This snippet is from the fifth Mortal Instruments book, City of Lost Souls. This is after Jace becomes evil, and Cassie ended up rewriting this scene for the book, but this was the first draft.
Clary didn’t know how long she’d been sitting on Luke’s front steps when the sun began to come up. It rose behind his house, the sky turning a dark pinkish-rose, the river a strip of steely blue. She was shivering — had been shivering so long that her whole body seemed to have contracted into a single hard shudder of cold. She had used two warming runes, but they hadn’t helped; she had a feeling the shivering was psychological as much as anything else. Would he come? If he was still as much Jace inside as she thought he was, he would; when he said he would come back for her, he would have meant as soon as possible. Jace was impatient. And he didn’t play games.
But there was only so long she could wait. Eventually Magnus would wake up, and look for her; her mother would return from the Iron Fortress with Brother Zachariah. She would have to give up on Jace, for at least another day, if not longer.
She shut her eyes against the brightness of the sunrise, resting her elbows on the step above her. For just a moment, she let herself float in the fantasy that everything was as it had been, that nothing had changed, that she would meet Jace this afternoon for practice, or that night for dinner, and he would hold her and make her laugh the way he always did. Warm tendrils of sunlight touched her face. Reluctantly, her eyes fluttered open.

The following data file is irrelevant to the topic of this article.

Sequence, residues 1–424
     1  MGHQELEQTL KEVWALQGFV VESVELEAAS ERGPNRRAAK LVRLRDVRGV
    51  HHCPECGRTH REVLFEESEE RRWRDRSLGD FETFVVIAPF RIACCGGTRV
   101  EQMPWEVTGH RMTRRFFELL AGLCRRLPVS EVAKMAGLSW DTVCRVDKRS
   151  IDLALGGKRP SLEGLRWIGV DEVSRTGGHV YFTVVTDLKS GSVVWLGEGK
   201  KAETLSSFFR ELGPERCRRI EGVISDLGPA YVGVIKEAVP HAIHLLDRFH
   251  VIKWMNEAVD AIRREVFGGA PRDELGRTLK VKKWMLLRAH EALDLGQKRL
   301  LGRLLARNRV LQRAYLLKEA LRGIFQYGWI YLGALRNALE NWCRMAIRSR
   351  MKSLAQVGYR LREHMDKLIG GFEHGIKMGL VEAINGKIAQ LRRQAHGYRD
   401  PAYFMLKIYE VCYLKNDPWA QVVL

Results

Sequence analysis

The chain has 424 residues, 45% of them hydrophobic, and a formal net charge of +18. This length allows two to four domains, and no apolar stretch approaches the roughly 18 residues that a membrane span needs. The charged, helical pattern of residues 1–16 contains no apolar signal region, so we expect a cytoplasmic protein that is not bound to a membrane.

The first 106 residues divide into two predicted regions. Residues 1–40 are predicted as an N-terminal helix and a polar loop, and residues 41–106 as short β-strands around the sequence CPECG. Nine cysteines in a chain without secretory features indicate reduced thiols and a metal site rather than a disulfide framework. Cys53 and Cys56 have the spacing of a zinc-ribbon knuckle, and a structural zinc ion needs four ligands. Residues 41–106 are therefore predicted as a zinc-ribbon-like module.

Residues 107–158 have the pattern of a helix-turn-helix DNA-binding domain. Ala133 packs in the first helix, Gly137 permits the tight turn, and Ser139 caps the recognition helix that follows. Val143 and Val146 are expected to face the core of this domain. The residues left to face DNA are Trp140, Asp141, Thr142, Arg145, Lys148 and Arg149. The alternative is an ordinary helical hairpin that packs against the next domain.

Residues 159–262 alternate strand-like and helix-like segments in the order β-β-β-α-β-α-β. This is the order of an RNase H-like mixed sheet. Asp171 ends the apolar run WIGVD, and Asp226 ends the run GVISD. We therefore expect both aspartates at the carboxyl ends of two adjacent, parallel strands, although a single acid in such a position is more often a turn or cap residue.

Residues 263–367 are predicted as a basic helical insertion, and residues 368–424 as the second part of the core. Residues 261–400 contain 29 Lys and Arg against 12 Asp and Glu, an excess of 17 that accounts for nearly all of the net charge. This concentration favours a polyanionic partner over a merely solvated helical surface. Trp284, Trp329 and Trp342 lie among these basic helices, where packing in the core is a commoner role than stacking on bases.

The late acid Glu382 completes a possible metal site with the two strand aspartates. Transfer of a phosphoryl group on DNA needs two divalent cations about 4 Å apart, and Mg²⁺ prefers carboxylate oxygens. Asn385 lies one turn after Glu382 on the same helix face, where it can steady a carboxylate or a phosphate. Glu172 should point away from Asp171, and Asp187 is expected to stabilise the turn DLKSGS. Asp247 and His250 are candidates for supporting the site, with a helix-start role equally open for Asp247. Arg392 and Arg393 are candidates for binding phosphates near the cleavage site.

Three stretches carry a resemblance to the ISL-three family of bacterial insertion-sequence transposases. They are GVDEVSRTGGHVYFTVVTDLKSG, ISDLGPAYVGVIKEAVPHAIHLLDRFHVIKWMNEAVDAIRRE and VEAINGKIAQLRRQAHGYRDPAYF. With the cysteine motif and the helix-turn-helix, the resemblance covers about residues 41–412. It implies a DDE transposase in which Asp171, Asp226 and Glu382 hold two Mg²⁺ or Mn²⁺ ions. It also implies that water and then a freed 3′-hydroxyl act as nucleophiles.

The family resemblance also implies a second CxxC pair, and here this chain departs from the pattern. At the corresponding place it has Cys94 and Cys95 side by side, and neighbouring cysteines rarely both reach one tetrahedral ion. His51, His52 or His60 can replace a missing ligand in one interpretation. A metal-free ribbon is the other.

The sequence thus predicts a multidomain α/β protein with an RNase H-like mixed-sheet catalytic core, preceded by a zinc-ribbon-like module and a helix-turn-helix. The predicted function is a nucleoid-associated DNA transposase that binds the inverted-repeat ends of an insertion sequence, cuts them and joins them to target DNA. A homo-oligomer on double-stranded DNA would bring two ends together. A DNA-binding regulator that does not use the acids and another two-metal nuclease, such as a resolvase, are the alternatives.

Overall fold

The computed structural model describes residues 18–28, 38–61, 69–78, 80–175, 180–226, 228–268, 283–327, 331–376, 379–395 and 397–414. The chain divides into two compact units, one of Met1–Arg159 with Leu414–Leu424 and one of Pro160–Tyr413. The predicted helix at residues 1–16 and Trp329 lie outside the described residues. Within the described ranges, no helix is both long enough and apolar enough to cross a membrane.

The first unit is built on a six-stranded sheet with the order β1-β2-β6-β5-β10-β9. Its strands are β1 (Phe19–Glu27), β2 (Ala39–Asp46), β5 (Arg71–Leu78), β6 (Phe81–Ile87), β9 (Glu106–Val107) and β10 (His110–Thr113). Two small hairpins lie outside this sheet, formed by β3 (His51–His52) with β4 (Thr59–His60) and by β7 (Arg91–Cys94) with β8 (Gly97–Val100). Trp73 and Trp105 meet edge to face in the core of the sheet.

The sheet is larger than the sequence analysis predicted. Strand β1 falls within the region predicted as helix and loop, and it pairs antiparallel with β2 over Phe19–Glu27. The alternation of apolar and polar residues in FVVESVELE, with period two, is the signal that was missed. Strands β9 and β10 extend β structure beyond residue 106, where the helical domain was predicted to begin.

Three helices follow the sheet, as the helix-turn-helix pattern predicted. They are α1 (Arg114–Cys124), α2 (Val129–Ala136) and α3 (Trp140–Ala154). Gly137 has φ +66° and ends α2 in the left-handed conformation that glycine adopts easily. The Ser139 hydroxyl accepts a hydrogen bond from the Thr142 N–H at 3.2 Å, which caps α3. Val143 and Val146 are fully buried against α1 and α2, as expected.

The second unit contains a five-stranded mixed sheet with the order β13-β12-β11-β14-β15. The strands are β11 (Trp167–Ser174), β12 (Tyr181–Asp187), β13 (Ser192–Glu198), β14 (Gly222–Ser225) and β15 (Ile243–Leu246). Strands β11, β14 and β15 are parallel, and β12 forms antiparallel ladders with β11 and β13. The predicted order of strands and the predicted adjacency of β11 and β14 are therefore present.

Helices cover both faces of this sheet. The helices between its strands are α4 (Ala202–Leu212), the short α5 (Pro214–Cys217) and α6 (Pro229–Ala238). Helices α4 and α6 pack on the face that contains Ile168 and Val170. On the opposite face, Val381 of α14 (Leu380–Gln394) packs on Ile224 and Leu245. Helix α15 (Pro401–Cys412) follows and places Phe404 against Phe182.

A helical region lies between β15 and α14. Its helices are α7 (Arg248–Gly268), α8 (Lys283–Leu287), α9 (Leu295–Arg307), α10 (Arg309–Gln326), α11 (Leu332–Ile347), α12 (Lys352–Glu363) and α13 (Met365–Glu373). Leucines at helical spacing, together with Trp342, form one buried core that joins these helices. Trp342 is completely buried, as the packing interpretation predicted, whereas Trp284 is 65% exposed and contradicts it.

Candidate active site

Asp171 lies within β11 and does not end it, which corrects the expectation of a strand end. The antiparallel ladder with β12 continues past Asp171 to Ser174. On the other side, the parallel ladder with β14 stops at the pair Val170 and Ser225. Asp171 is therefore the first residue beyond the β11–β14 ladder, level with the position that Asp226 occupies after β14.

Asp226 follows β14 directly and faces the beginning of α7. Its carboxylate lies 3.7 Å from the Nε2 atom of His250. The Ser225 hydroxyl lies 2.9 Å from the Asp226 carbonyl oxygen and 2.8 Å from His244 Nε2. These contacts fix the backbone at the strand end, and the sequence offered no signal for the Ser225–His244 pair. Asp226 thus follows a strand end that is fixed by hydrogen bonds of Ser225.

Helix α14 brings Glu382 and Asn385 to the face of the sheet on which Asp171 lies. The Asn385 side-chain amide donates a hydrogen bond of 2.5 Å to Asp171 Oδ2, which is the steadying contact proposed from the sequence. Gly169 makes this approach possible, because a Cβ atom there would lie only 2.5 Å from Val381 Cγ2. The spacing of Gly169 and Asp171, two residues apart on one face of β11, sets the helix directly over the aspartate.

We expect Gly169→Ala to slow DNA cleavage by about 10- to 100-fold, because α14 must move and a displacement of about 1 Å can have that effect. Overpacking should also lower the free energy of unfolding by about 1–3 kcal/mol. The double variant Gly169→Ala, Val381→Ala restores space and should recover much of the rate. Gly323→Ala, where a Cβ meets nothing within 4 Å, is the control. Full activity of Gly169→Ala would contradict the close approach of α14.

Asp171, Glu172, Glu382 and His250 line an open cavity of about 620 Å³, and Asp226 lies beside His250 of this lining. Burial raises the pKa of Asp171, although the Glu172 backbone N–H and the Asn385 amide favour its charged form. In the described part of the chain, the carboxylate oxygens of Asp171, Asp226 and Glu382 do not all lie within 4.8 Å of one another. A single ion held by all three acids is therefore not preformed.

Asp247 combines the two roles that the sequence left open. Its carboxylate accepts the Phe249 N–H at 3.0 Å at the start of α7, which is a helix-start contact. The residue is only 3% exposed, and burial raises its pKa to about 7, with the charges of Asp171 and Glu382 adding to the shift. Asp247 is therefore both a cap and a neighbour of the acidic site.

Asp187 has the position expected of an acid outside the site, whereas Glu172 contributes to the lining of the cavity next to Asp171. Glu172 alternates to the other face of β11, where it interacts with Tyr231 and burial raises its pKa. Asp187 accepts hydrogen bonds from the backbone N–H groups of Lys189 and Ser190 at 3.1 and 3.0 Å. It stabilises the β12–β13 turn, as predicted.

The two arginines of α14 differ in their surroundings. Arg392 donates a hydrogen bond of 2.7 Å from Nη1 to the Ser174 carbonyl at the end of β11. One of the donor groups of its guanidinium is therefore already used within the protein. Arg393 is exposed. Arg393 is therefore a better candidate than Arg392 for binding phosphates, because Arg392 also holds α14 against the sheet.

And he was there, walking toward her up the steps, soundless as a cat as always. He wore boots, black pants, a dark blue sweater that made his hair look like sunlight. She sat up straight, her heart pounding. The brilliant sunshine seemed to outline him in light, and his eyes shone like polished shields. She thought of that night in Idris, watching the fireworks, how they had streaked across the sky and she had thought of angels, falling in fire.
He reached her and held his hands out; she took them, and let him pull her to her feet. His pale gold eyes searched her face. “I want you with me,” he said. “But I want it to be your choice. Once we go, there’s no coming back.”
“And if I say no?” she said, in a whisper.
“Then I’ll come back and ask you again later. And again after that. But it’ll always be your choice.”
“I love you,” she said. “There never has been, never will be anyone for me but you.”
He shook his head. “Love is too small a word,” he said. “You’re in my bones and my blood and my heart. I’d have to tear myself open to let you go, and even then …” He pulled her against him, against his heart. “Come with me, Clary. Come with me.”
“I hate the idea of living without you,” she said, and thought, and now the lying begins. “I want to come with you. I don’t care where we go, or what you’re doing, or about anything but being with you.”
He smiled, brilliant as the sun coming out from behind the clouds. “You’re sure?”
He leaned forward and kissed her. Reaching up to hold him, she tasted something bitter on his lips; then darkness came down like a curtain signaling the end of of the act of a play.